In vivid cobalt blue, Julie Green carefully paints a hamburger seasoned with salt and pepper, a stack of onion rings, french fries, cherry limeade, and a big bowl of vanilla ice cream on a white porcelain plate. The crude contour lines illustrate the final meal of death row inmate Paul Everette Woodward. “He told me he was saving room for his last meal,” the warden had told the local paper. “He ate everything except a few fries.”
Each morning Green reads the newspaper with a slice of toast and a cup of white tea. One day about 20 years ago, when she was living in Oklahoma, the small print of an execution notice in the Norman Transcript caught her attention: “His final meal was six tacos, six glazed doughnuts and a Cherry Coke.” “Why six?” she wondered. The details of the meal continued to haunt her. And so, on a faded sheet of government ledger paper, she began to paint six tacos, six glazed doughnuts, and a Cherry Coke in a palette of bright primary colors.
In the winter months, the artist, who now lives in Oregon, creates a plate a day as part of her ongoing series “The Last Supper: Final Meals of Death Row Inmates,” now on display at the Mary & Leigh Block Museum of Art at Northwestern University. (Only part of the year is spent on “The Last Supper.” “I wouldn’t have been able to sustain a 15-year project of such heavy subject matter full-time,” she explains.) Over time, in order to encourage a sense of empathy, Green began painting each meal on a white porcelain plate, placing the viewer in the position of the prisoner with a meal set before him. (Her technical advisor, Toni Acock, does the firing.) A plate dated September 27, 1929, is painted from an aerial perspective; we gaze down at a hearty breakfast of sunny-side-up eggs, hash browns, and black coffee. She uses clippings from weekly sales flyers and fast food advertisements, stored in a small recipe book, as templates for her simple sketches of a bucket of Kentucky Fried Chicken, a carton of Blue Bell Ice Cream, and Sunkist Orange Soda. She abandoned the brilliant colors of cadmium red, lemon yellow, and viridian green because of the toxicity of the mineral paints. “I couldn’t get a bright red for tomatoes or ketchup, or a bright green for green beans, so I decided to limit my palette to one color—blue. I think it is helpful that there is some beauty in the painting to balance the inherent sadness of the subject matter.”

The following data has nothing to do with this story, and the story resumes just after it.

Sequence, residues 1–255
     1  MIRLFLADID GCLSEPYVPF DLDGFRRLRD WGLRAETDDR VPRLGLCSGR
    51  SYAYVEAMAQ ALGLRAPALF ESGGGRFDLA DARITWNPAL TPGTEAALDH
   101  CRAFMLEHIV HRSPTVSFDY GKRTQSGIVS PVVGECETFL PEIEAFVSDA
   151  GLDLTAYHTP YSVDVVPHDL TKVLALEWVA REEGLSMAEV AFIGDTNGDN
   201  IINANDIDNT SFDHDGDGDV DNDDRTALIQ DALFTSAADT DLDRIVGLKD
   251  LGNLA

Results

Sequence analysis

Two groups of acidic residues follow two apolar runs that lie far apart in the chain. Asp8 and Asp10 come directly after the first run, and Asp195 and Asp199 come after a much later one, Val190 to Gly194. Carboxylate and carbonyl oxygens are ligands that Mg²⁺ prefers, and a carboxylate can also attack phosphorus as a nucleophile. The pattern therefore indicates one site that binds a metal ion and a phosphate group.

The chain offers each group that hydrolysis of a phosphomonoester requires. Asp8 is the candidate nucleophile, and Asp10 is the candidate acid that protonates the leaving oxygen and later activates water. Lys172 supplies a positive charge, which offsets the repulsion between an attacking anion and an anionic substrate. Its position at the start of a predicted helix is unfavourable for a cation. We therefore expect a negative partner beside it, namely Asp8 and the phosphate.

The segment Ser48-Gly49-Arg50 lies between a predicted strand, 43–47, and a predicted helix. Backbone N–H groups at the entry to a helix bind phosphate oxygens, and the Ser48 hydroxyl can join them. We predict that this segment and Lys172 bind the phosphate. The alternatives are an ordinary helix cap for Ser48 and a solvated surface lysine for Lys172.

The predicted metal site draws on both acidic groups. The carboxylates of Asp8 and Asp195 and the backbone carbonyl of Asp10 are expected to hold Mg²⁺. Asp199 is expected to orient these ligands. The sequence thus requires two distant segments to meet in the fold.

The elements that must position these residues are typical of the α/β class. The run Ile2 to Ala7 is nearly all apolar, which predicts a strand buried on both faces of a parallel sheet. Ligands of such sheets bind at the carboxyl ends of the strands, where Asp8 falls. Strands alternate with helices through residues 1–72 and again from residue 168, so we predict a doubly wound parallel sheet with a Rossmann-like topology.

An elegant serving plate dated March 14, 2001, is decorated with a pattern of blue arabesques. The label reads: “German ravioli and chicken dumplings prepared by his mother and prison dietary staff.” Yet another plate dated May 5, 2007, depicts a festive chocolate cake with twinkling candles. “He told us he never had a birthday cake,” a prison official explained to Green, “so we ordered a birthday cake for him.”
Seemingly prosaic details reveal a painfully intimate portrait of the condemned. We read the simple menus—”one jar of dill pickles,” “one bag of assorted Jolly Ranchers,” “one honey bun”—in search of clues. Brian Price, a former inmate in Huntsville Unit, prepared 218 final meals. He writes in his book Meals to Die For, “When I was preparing Kenneth Gentry’s last meal, I found myself trying to get into the mind of the man who would request butter beans for his last supper. I began to picture him as a child, sitting at the dinner table with his siblings as their mother spooned out a big helping of the buttery leguminous seeds to each of her children.”
Open records laws provided Green access to information about the last meals. By trial and error, she learned to ask for the prison public information officer, not the warden. “I began the phone call with ‘This is Professor Julie Green from Oregon State University, doing research on the final meals of death row inmates.’ I never mention I am an artist, a title I imagine might equate to troublemaker.”
“The Last Supper” has received criticism for painting an unduly sympathetic portrait of death-row inmates. It is easy to forget the heinous crimes while delighting in the whimsical drawings of blue hamburgers, blue potato chips, and blue watermelon. “In this ongoing project, there were several times I nearly quit,” Green says. “I think about the terrible crimes committed. I think about the victims. I think about fair punishment.” But her fervent opposition to the death penalty motivates her to continue painting.
The final meal requests offer a glimpse into the minds of those facing the ultimate punishment. On one secondhand plate, the artist painted only the words, “No final meal request because he remained hopeful to the end that he would not be executed.”